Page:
Santell’s time with WWE at an end, he was able to explore the other goals he had for himself in the world of professional wrestling. “My career went in reverse, it started kinda with WWE, and then I get to go live and train in Japan with All Japan, and go to Puerto Rico, and go to Europe and do Ring of Honor and do TNA. You know, navigate through the indies and do everything outside of WWE.” Still, something wasn’t right. He didn’t know who he was.

Since being released by the WWE, Santell spent “about nine years of just being Antonio ‘The Promise’ Thomas.” Though “always changing my appearance, doing corn rows, or doing different gear … I never had an identity and I never felt comfortable. I was like its just me, it’s Tom going out, you know, good wrestler — but that’s it.” That’s until Santell’s best friend, a movie buff and podcast host, encouraged Santell to lean into something crucial — his resemblance to actor Crispin Glover, best known for playing George McFly in the Back to the Future movies.

At a show in Glens Falls, New York in 2015, the fans started chanting “George McFly,” and quoting Back to the Future at Santell and his friend told him to start using that as inspiration for a new character and as a way to have fun with pro wrestling again. And thus, the modern version of Santell, “The Ovaltine Dream,” was born. The new character is a throwback, an old-school grappler in a varsity letterman sweater and “nerdy” glasses who prefers Ovaltine to alcohol and finishes opponents with the Sugar Free Hold.

Photo credit: Jon Washer/Beyond Wrestling
Photo credit: Jon Washer/Beyond Wrestling /

A few months later, the reborn Santell made his debut in Vancouver and immediately it connected with the crowd. A stint with Big Time Wrestling followed and the success continued. It was time for Santell to promote himself, to become the “indie darling” he had long sought to be. He started “emailing all of these places with notoriety to try to get the gimmick noticed,” like Ring of Honor and EVOLVE. But it took until 2019 to get the attention of Drew Cordero, who runs Massachusetts-based Beyond Wrestling, and for Santell to get his big break.

“I went to the [WWE] Performance Center in March as a guest trainer,” explained Santell, “and I had worked with Stokely Hathaway, and I had gotten to know him during that week, and we were talking and he said ‘have you tried to get out there and email?’ and I go ‘I email everywhere,’ and he goes ‘let me talk to Drew [Cordero] for you.’ So he spoke to Drew and he goes ‘hey email Drew,’ so I email Drew and then boom right there. I don’t know if it was Stokely or not … whether that was the final thing or not, he vouched for me and that meant the world to me.”

Santell made his Beyond Wrestling debut on episode 5 of Uncharted Territory, Beyond’s weekly, live streaming show, as part of the show’s “Discovery Gauntlet” designed to introduce fans to new talent. Initially, the plan was for Santell to be a heel. He tried — he chastised the fans for drinking alcohol, to act like a holier-than-thou nerd — but the crowd wasn’t buying it. They loved to love him, rather than loving to hate him. Cordero told him the next week Santell would become a babyface, with the nickname “The Ovaltine Dream.” And much like in OVW with the Heart Throbs, Santell has become one of the company’s most popular and organically-grown stars.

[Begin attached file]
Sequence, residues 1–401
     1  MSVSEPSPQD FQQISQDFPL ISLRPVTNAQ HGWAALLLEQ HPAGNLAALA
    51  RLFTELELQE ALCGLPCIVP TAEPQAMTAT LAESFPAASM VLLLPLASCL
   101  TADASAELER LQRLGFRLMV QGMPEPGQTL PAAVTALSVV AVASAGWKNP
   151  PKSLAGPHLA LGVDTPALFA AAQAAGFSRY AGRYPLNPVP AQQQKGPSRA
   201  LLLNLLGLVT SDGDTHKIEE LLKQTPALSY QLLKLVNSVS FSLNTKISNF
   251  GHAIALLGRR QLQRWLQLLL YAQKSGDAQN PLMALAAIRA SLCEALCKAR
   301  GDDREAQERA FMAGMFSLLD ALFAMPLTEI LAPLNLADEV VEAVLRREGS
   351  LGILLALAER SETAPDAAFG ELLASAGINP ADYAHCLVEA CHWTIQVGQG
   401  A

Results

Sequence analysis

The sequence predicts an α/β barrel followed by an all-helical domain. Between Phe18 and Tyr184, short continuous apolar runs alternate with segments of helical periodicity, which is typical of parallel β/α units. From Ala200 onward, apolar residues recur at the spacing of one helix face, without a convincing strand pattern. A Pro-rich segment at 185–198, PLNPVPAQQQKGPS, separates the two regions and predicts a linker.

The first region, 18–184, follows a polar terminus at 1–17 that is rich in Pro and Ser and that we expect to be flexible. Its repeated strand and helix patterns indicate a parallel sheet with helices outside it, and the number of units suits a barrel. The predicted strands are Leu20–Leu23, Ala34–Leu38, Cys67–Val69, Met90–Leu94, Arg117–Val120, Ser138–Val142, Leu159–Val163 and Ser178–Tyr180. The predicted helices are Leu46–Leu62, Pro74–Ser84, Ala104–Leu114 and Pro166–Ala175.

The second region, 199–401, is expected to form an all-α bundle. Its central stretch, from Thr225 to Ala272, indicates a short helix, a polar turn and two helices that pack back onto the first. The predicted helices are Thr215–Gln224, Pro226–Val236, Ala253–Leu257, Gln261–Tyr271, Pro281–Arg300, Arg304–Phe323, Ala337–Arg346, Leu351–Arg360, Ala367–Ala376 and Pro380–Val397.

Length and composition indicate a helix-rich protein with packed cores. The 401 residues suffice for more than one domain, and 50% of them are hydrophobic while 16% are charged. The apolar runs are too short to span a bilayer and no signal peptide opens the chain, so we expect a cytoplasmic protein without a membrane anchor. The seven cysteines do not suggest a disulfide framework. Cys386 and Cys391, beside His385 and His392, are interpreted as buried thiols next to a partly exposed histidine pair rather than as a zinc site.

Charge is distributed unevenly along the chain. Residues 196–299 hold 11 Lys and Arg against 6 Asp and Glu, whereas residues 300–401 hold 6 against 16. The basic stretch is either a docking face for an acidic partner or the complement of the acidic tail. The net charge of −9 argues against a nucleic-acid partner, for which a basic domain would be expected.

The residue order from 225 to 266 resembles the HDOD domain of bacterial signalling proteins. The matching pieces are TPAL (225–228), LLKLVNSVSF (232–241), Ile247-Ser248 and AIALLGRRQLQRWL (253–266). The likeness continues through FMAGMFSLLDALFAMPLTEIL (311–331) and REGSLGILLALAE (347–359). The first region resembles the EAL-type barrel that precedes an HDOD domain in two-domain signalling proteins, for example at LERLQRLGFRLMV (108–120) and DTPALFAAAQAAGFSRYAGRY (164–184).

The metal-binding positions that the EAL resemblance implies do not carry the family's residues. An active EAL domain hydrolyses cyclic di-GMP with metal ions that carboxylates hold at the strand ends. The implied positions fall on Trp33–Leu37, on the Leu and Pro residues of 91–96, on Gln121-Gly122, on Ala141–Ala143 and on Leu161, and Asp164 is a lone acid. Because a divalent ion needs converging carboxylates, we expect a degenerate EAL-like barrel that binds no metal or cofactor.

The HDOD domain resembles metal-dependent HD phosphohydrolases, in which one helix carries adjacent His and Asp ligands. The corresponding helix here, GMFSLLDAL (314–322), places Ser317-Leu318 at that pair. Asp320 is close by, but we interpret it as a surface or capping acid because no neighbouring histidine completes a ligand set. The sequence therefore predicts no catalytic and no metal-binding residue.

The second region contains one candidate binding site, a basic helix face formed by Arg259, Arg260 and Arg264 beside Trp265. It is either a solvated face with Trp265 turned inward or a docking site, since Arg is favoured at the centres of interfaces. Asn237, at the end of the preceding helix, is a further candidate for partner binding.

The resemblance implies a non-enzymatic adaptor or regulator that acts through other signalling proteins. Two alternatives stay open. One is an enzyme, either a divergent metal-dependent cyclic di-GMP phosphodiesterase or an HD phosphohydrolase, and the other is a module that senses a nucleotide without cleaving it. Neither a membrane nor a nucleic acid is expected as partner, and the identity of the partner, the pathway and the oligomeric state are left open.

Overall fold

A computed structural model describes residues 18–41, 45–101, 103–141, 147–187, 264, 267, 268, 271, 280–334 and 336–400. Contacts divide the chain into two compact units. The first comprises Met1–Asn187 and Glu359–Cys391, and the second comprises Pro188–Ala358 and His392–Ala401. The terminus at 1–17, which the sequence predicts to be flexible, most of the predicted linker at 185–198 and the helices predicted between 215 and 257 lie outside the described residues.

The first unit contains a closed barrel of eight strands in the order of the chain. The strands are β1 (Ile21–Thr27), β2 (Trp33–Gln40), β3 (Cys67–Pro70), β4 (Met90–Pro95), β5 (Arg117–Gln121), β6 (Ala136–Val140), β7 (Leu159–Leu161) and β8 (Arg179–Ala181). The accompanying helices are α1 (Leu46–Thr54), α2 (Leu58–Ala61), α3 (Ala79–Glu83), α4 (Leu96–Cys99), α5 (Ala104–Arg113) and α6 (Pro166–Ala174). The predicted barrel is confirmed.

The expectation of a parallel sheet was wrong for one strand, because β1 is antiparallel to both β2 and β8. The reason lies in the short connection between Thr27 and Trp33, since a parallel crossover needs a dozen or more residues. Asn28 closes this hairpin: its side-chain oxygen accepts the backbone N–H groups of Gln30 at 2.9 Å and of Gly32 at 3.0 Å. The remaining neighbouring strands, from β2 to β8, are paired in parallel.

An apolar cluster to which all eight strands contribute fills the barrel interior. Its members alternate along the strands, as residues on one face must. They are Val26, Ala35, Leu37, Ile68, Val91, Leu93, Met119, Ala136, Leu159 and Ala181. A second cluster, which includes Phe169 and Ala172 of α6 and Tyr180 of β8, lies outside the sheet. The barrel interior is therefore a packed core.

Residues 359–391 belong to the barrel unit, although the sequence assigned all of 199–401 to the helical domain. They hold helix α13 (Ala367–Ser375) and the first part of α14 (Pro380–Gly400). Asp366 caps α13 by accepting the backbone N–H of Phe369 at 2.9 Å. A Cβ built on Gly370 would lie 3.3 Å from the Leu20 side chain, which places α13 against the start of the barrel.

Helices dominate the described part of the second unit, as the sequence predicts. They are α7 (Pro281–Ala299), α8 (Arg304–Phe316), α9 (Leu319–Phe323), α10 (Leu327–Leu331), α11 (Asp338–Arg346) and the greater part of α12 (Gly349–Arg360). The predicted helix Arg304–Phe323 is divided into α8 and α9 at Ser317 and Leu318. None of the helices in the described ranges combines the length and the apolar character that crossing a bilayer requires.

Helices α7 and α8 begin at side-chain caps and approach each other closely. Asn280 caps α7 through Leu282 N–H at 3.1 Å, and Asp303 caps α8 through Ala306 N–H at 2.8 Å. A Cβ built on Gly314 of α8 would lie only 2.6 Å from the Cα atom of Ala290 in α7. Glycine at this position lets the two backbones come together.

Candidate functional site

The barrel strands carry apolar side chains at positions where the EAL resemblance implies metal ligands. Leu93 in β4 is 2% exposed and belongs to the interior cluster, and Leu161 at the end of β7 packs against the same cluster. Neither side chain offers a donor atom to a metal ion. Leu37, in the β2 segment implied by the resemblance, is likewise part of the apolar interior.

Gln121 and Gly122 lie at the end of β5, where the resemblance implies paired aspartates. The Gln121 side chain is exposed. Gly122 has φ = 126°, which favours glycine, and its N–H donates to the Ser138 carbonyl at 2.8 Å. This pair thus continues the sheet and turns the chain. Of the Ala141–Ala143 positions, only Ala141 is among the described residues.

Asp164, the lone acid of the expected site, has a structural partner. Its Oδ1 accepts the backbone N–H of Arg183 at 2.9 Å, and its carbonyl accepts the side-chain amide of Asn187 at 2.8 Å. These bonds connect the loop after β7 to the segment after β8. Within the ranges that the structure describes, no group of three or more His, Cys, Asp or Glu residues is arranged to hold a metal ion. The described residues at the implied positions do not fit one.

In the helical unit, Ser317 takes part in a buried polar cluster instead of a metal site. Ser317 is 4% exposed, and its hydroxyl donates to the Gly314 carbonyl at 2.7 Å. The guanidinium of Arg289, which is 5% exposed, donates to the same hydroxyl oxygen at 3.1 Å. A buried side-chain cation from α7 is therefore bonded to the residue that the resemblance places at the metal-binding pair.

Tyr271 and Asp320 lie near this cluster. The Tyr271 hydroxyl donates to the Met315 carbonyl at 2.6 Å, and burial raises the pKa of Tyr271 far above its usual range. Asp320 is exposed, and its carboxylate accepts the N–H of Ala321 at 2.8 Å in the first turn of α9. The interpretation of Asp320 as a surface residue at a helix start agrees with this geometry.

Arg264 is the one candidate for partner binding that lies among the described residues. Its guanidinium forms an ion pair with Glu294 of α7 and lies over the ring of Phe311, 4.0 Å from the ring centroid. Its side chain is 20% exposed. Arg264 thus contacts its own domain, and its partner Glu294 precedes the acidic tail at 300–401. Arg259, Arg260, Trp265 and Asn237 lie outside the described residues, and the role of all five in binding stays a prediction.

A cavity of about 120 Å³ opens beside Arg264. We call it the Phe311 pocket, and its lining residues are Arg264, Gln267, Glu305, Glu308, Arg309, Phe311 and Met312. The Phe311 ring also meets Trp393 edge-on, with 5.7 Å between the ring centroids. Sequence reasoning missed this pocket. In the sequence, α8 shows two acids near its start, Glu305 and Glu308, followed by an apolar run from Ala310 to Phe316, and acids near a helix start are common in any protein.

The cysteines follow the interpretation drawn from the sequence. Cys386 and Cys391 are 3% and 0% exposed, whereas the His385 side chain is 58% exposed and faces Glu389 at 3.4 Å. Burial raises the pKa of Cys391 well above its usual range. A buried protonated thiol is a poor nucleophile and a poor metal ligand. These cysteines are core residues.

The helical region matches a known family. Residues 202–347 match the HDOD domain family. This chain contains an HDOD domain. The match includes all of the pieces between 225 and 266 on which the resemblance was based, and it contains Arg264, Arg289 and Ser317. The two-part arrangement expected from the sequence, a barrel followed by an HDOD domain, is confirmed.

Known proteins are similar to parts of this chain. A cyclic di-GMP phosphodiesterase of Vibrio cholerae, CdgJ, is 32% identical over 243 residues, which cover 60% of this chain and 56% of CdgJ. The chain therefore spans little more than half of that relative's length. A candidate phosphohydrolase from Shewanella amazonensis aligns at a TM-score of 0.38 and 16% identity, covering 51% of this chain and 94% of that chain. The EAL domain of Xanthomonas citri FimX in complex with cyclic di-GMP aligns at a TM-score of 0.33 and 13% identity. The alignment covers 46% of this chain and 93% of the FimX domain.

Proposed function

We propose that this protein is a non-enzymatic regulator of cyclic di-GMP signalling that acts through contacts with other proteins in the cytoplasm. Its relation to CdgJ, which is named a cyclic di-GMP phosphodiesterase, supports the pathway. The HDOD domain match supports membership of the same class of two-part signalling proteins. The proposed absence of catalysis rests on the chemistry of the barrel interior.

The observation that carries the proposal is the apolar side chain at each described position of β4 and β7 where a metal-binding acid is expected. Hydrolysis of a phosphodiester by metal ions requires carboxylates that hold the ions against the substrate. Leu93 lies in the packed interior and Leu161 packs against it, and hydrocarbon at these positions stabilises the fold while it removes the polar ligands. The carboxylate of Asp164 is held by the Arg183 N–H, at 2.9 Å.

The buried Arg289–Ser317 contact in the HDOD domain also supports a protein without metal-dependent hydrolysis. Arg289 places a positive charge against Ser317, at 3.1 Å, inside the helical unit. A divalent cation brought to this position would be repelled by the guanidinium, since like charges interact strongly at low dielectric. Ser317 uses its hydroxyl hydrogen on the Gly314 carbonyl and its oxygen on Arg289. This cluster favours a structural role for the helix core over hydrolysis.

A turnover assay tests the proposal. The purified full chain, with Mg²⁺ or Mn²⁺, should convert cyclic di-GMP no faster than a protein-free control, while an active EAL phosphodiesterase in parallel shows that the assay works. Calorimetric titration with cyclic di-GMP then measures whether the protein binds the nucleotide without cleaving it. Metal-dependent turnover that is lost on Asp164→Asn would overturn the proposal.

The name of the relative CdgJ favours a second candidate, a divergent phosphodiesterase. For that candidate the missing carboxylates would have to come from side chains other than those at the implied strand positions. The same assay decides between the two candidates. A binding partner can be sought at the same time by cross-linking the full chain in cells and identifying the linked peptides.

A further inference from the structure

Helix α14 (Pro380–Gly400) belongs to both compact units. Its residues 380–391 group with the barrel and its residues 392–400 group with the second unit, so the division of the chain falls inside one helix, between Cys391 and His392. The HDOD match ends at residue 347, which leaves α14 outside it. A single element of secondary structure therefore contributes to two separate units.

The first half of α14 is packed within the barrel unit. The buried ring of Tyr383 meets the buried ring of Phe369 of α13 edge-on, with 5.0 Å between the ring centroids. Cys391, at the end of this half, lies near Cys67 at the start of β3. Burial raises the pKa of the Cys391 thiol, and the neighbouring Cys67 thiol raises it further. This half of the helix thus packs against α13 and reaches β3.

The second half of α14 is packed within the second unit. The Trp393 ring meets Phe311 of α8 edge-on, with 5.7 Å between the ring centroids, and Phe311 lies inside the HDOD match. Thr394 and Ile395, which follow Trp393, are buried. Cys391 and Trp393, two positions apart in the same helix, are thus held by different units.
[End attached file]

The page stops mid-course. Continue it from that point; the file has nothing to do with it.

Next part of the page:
Santell went on to win seven matches in the Discovery Gauntlet before falling to Christian Casanova thanks to the interference of ringside interviewer-turned-heel manager Cam Zagami. He’s still a major part of Beyond and of Uncharted Territory, and his success over the past months have led him to a tag team match at Beyond’s biggest event of the year, Americanrana, at Foxwoods Resort and Casino on July 28. He’ll have a to-be-announced partner who, if all clues are to be believed, will be quite the foil to Santell’s clean-cut character, to take on Bryan Alvarez and “Filthy” Tom Lawlor, a high-profile bout that should even further boost his cache in the indie wrestling world.

I always had unfinished business in wrestling from WWE, where I always knew I could accomplish more.

And taking over the indie scene remains Santell’s No. 1 goal. The timing couldn’t be better. Big names on the independent circuit like Matt Riddle, Shane Strickland, Joey Janela and Darby Allin have recently signed exclusive contracts with WWE/NXT and AEW and that void of talent will allow new wrestlers to take their places.

“I would love to do BOLA [Pro Wrestling Guerrilla’s annual Battle of Los Angeles tournament] … the AAWs, the EVOLVEs, all these places, the top independent promotions. I want to do that, I always wanted to do that,” said Santell. “Right now Beyond is giving me the chance. Beyond has given me the ball and the platform and the opportunity and so far so good. I want to build on it.”

For Santell, getting to this moment has been “19 years in the making.” But those nearly two decades’ worth of experience combined with the perfect timing and even more perfect new character means he’s closer than ever to gaining the recognition for his craft he’s been seeking since the start.

“I always had unfinished business in wrestling from WWE, where I always knew I could accomplish more. Now, I feel like that actor Jackie Earl Haley that never disappears and is always in the business, but kind of reinvents himself after 10 years for being known as something else,” said Santell of his transformation. “I’m very proud of the Heart Throbs stuff, but I didn’t want to just be known for that. And I’m glad, hopefully, people will start to remember me as this.”

Follow Thomas Santell on Twitter @retrograppler and Instagram @retrograppler and check out his I Left My Wallet podcast for The Wrestling Observer/Figure Four Online. Watch Beyond Wrestling Uncharted Territory every Wednesday on Independent Wrestling TV. Beyond’s Americanrana ’19 takes place on July 28 and also will stream on 

All wrestling fans should watch Uncharted Territory. dark. Next